Wins? Oh yes. Monsanto is dead. Bought out by Bayer CropScience, a serious miscalculation on Bayer’s part. People are not as dumb and unaware as they thought. Bayer’s share price is in serious decline. Late last year they laid off 12,000 employees. I would not be surprised to see the CEO go; shareholders are angry.
(2018) vs Monsanto-now-Bayer, a Court in California awarded Dewayne Johnson (terminal cancer) $78 million – – the “Monsanto papers” got public airing. They knew there was nothing safe about RoundUp. A second case against Monsanto had the same outcome ($80 million award). (UPDATE: The third case, $2B awarded.) There are more than 5,000 cases (UPDATE: 13,000+) in line to be heard. Vietnam is demanding compensation from Monsanto for its people afflicted by Agent Orange. And so on.
Guerilla warfare is not so much “straight line planning”. It’s empowered people creating and using opportunities. The opportunities don’t just “fall” from above, as the Monsanto example shows. They materialize out of what’s been done and is being done. Not just here. You are far from alone. It is important to know that.
The larger view is of a dynamic and versatile organism at work to stop the poisoning of the planet.
Monsanto was a very large, very lucrative, international corporation- – big in Australia, in the U.S.. in Latin America, in Canada, in India . . .. I suggest we focus on stamping last breaths out of it. It is a shameful legacy of the U of S.
If you understand that this is a battle to take back democracy from the corporatocracy, you may view Monsanto as a first round that hones our fighting skills. The corporatocracy targeted a takeover of Universities. That’s strategic. They found collaborators / quislings in Government and in the Universities. They are infiltrated into the bureaucracy. It’s not the first time in history that it has happened. You don’t have to go back very far.
I come from a fighting tradition where there’s no shame in running away ! in the face of imminent defeat to fight another day.
In a separate conversation last week, a colleague said we need to pick our battles. That’s what I would like to do as well. These kinds of high positions are always political. Even Peter Stoicheff’s climb up to the President’s position might have seemed surprising, considering he was just a Vice Dean just two or three years before. In the weeks after his ascendance, I learned that his son was working for Brad Wall’s Saskatchewan Party. I don’t know how much to be concerned about that.
It is important to know. Thank-you.
We have bigger problems than who occupies the highest positions. There are issues all over the place. I am not convinced that even empowering our faculty colleagues will be enough to improve things. Too many are invested in the rot. Too many are broken from bending (to quote Leonard Cohen). The decision process is compromised at so many levels.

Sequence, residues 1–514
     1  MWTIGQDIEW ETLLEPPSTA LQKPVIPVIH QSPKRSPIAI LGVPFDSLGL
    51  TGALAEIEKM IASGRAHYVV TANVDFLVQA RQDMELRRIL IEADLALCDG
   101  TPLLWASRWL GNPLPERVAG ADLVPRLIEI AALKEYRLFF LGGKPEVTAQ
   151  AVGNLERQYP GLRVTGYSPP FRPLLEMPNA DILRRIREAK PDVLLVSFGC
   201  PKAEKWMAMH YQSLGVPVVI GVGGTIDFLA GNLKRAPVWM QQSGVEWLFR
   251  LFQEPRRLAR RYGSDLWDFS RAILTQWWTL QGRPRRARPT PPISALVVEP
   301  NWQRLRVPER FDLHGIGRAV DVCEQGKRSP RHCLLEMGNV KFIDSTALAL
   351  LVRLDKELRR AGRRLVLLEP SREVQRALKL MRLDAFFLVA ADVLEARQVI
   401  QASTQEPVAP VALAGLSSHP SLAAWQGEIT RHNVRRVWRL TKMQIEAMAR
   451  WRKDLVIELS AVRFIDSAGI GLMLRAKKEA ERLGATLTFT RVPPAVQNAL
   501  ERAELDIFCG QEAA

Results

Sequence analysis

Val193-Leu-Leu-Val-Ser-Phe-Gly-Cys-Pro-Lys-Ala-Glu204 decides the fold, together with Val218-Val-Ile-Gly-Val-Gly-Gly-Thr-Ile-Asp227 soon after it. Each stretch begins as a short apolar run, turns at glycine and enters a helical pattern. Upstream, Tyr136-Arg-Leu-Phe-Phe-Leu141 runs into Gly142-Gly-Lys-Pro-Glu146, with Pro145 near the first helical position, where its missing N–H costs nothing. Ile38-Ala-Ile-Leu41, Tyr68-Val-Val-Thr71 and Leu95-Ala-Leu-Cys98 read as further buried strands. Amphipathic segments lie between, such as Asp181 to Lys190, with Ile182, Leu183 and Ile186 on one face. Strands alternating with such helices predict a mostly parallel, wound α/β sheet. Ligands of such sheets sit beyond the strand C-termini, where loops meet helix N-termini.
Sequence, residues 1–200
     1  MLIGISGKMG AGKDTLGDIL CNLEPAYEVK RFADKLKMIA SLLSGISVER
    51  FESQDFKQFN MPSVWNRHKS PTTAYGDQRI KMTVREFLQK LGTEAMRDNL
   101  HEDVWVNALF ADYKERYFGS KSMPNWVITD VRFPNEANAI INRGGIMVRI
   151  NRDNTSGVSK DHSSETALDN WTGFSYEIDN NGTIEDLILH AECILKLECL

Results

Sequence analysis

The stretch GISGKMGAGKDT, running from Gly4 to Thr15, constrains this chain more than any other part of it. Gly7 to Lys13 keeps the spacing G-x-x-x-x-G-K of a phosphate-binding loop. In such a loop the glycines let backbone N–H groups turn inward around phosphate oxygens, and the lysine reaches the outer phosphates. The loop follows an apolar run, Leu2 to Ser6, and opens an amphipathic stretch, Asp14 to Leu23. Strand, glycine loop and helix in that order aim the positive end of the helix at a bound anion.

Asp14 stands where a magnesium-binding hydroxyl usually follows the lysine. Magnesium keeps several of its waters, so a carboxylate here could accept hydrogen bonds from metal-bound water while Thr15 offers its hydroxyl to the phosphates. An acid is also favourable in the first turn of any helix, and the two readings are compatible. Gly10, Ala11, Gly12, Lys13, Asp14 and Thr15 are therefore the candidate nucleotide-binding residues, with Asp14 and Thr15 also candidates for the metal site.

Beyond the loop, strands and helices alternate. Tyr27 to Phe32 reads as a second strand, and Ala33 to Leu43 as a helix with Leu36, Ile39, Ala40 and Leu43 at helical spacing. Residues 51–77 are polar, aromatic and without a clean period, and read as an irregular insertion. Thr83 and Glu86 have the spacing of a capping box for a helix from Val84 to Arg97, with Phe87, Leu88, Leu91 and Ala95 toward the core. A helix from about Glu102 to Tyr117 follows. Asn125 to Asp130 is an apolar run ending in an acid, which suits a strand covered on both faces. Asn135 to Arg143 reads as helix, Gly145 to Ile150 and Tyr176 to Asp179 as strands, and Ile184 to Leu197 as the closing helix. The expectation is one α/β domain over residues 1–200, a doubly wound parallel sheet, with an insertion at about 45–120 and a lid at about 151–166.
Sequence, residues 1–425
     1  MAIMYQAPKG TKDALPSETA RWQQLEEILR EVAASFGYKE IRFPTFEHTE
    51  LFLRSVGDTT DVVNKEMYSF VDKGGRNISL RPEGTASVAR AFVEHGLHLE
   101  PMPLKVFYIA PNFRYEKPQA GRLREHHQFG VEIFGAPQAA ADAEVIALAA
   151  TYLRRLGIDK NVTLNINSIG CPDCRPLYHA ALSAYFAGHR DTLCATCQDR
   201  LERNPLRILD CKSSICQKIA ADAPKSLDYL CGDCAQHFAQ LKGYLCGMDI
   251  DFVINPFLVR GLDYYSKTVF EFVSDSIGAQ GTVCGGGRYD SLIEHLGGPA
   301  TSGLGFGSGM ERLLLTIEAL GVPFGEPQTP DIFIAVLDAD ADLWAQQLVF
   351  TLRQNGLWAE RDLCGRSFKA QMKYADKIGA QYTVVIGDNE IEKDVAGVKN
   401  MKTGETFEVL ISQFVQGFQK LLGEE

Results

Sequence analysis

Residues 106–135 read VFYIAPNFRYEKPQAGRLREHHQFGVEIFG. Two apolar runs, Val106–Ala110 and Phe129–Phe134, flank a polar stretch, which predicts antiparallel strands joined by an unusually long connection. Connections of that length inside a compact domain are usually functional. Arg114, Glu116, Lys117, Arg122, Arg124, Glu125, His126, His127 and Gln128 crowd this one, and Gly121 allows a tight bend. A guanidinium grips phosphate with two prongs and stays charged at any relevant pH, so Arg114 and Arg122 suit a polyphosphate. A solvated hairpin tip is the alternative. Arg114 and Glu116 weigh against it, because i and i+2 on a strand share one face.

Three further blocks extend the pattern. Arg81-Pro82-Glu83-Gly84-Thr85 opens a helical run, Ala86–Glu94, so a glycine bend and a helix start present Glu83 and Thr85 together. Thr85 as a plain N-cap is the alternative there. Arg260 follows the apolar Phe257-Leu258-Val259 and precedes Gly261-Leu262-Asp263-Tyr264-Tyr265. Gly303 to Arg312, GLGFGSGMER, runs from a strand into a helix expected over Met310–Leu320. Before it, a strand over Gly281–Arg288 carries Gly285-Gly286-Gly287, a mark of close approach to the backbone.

I agree with all these points.
My question is: what is it that we can actually do that will make a difference?
First, do you know the quote from Margaret Mead? I think it is accurate and important. Helps us understand our own power:
Never doubt that a small group of thoughtful, committed, citizens can change the world. Indeed, it is the only thing that ever has.
Second, if you’re like me, you have to keep reminding yourself to be creative and have fun. It CAN actually be a lot of fun. (Advice from a friend: drink 3 beer, get (sex), and smoke a cigarillo – wine-tipped!)
To me, we battle in luxury compared with the troops in WW’s one and two. The stakes are just as high. Blanketing the vast farmlands of the province with poisons is one of the reasons that bees (many more species of “insects”) are projected to be extinct in 2 or 3 decades. If the pollinators go, we go, too.
The group is producing tools for all of us to USE:
- Public awareness is critical. It’s guerilla warfare. Our weapon against the propaganda. All it takes, for example, is a conversation with someone who is Unaware of the court case against the University.
- Here’s the fun part: I choose to believe that the world is purposeful. If I sit down beside or encounter someone I don’t know, it’s for a reason. My job is to find the reason. Start a conversation. I usually start with a smile. And then “What are your interests?”. You won’t necessarily get into the court case, for example. Just be intent on listening and learning something about that person. You will find it rewarding. You’ll be surprised by how many people know that things are wrong and need fixing. Sometimes there’s an opening you’ll want to step into. Don’t be shy. I think people like people. The conversation makes the city a nicer place to live in.
- Do you have your own email list to which you forward things like the Petition? (UPDATE: now closed) Is there someone you could add to your list? Every single one counts. You never know how far and to whom that email will be forwarded. Trust me on that. I think you are unlikely to ever know which was the straw that broke the camel’s back.
May be this is the scientist in me speaking, but can we identify a minimum bunch of potentially fixable things, which if fixed, will result in meaningful change? Can we then target a few things at a time?